Andrew Redington/WME IMG
By Joel Beall
PONTE VEDRA BEACH — The Players Championship boasts the best field in golf, but the player who dominated commissioner Jay Monahan’s press conference Tuesday is one who isn’t here.
That player is Phil Mickelson, the six-time major champ and former TPC Sawgrass winner who should be a canonical figure in these parts. Instead, at least momentarily, he is persona non grata after a series of fiery comments—which included calling out the tour’s “obnoxious greed” in a Golf Digest interview and a report from the Fire Pit Collective that Mickelson hired attorneys to draw up the operating agreement for a Saudi-backed breakaway circuit.
Following the fallout from the Fire Pit Collective story, Mickelson issued a statement that he would be taking a sabbatical from the game. However, given the nature of both his comments and his alleged conduct, there is speculation that Mickelson’s leave of absence is not entirely his choosing.
Speaking to the press Tuesday, Monahan repeatedly stressed the tour’s long-standing policy of not commenting on player suspensions, either those that have happened or those that might in the future. Conversely, Monahan was firm in saying that Mickelson will, eventually, have to answer for what he has said and done.
“He stepped away on his own accord, and he’s asked for time,” Monahan said. “He’s been given that time. We don’t comment on disciplinary matters, potential matters or actual matters. But every player is accountable for their actions out here.”
Monahan said he has not talked to Mickelson since his comments—comments Mickelson claimed were supposed to be private—went public. He also believes that responsibility in initiating that conversation resides with Mickelson.
“The ball is in his court,” Monahan said. “He has said that he’s stepping away and he wants time for reflection. That’s something that I and we are going to respect and honour.
“When he’s ready to come back to the PGA Tour, we’re going to have that conversation. That’s a conversation I look forward to.”
Monahan was asked later whether or not if Mickelson felt he was ready to return, could he just show up at a tournament—alluding to the notion that Mickelson may be suspended and thus might not be able to merely pick an event to return to. Monahan answered: “Like I said, I think the ball is in his court. I would welcome a phone call from him. But it’s hard for me to talk about the different scenarios that could play out.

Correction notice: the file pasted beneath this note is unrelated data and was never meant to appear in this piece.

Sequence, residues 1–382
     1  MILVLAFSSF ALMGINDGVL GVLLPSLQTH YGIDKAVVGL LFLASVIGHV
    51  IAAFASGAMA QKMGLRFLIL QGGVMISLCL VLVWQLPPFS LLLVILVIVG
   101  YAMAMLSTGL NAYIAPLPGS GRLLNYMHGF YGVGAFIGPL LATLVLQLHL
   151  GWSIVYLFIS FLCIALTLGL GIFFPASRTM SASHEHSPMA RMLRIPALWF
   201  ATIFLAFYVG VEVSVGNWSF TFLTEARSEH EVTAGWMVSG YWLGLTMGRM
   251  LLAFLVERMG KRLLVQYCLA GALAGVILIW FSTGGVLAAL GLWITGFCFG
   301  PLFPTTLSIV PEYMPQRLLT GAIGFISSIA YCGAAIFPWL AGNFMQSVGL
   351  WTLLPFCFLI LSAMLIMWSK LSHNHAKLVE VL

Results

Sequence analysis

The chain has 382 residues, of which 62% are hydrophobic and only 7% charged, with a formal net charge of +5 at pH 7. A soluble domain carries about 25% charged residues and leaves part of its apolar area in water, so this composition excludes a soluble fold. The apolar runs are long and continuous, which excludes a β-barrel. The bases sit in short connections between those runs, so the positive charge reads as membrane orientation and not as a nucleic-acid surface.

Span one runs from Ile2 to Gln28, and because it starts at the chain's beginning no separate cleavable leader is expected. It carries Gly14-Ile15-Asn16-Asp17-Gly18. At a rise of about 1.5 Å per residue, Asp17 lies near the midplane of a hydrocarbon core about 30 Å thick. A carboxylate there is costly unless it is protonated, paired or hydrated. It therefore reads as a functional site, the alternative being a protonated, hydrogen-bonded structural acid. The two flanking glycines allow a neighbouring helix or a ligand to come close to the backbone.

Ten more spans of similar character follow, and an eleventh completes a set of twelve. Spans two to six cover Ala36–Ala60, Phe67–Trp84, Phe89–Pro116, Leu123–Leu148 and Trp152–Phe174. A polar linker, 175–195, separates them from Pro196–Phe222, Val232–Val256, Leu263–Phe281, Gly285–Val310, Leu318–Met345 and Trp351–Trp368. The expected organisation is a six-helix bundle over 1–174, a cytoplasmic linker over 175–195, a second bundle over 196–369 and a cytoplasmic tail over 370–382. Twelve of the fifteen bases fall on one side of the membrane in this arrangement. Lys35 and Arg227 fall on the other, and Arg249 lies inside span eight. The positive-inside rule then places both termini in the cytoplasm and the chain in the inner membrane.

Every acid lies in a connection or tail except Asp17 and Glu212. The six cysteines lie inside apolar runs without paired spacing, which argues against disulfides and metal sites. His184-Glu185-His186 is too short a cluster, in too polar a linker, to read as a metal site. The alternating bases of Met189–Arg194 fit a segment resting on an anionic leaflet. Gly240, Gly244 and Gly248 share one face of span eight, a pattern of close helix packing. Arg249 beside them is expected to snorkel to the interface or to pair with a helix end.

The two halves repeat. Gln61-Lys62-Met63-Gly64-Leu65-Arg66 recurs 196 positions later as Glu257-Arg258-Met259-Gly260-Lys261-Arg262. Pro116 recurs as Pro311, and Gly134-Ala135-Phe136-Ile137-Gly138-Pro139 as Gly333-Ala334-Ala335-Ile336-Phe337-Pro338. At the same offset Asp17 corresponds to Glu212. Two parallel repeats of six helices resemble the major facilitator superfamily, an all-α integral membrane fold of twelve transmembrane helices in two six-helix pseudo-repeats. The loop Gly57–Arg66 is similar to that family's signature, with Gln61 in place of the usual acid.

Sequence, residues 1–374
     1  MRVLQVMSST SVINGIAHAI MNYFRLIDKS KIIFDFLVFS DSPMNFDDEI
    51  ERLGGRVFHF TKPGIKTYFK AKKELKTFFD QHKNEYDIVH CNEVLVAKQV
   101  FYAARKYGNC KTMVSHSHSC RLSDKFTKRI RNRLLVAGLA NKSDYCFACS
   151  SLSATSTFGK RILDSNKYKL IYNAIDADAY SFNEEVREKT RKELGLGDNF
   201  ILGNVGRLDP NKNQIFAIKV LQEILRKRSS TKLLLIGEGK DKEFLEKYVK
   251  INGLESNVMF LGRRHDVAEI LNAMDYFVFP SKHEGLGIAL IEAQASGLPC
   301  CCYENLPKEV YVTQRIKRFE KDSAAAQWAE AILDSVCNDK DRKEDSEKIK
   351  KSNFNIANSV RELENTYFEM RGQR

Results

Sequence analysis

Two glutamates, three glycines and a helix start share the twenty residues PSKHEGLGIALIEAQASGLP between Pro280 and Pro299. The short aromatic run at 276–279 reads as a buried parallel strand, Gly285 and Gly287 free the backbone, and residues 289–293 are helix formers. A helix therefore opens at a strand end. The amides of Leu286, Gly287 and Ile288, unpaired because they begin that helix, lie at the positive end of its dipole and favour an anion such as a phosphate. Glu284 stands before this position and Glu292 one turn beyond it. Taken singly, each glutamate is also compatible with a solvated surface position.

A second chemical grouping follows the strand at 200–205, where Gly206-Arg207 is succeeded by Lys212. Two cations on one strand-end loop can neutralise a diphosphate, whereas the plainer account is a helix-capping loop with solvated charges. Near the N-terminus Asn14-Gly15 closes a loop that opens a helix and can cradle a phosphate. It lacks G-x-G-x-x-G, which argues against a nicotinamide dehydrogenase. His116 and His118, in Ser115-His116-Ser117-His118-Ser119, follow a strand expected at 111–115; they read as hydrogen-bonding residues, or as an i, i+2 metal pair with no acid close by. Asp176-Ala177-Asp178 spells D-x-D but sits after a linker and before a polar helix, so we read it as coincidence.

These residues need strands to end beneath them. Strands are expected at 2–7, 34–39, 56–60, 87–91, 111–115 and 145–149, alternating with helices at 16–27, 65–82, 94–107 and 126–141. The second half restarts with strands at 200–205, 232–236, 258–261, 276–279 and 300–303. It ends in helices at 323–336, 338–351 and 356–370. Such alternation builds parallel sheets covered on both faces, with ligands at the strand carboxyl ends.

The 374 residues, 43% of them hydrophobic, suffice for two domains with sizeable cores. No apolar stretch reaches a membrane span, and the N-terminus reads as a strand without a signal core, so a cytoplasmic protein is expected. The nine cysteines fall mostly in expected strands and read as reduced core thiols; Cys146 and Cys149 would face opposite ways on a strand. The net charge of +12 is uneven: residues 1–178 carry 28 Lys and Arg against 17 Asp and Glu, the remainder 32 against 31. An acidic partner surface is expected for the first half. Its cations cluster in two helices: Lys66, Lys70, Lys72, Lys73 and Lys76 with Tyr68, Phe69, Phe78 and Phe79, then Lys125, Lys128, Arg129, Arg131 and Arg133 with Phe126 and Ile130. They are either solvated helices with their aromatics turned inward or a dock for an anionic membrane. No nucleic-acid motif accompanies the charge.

“Listen, he’s a player that’s won 45 times on the PGA Tour. He’s had a Hall of Fame career. He’s won here at the Players Championship,” Monahan continued. “He’s inspired a lot of people and helped grow this tour, his tour. So as difficult as it is to read some of the things that were said, ultimately a conversation will be had when he’s ready to have it, and I will be ready to have it, as well.”
Earlier in the morning, when asked where he believed the tour could improve, Rory McIlroy said he wishes the organization would be more transparent on player punishment.
“I’ve always felt that a few of the bans or suspensions, I think that should all be announced,” McIlroy said. “I think that should be more transparent. I’ve always said that.”
Another recurring topic for Monahan during his press conference was the proposed Super Golf League. Monahan reiterated his belief that the tour considers the Saudi threat to be in the past and that the tour is moving forward.
“We have too much momentum and too much to accomplish to be consistently distracted by rumors of other golf leagues and their attempts to disrupt our players, our partners and, most importantly, our fans from enjoying the tour and the game we all love so much,” Monahan said.
Monahan pointed to the litany of players professing their loyalty to the tour as proof the tour and its membership are united on this front. As for LIV Golf CEO Greg Norman asserting that Monahan was bullying players into staying with the tour, Monahan brushed the matter aside.
“I think people know me and they know how I play and how we operate and the values that we stand for, and I don’t think there’s any question that that’s not how I operate. I haven’t had a lot of people ask me about it because people know me. I’m right here.
“I just think as we continue to move forward and as we continue to grow this tour in partnership with our players, listening to our players and responding in the right way that accrues to their benefit, that is the ultimate litmus test,” Monahan continued. “I feel as the leader of this organization, I feel really good about not only where we are but some of the opportunities we have moving forward, and being very real, getting that feedback, being transparent and allowing players to really feel that sense of ownership.”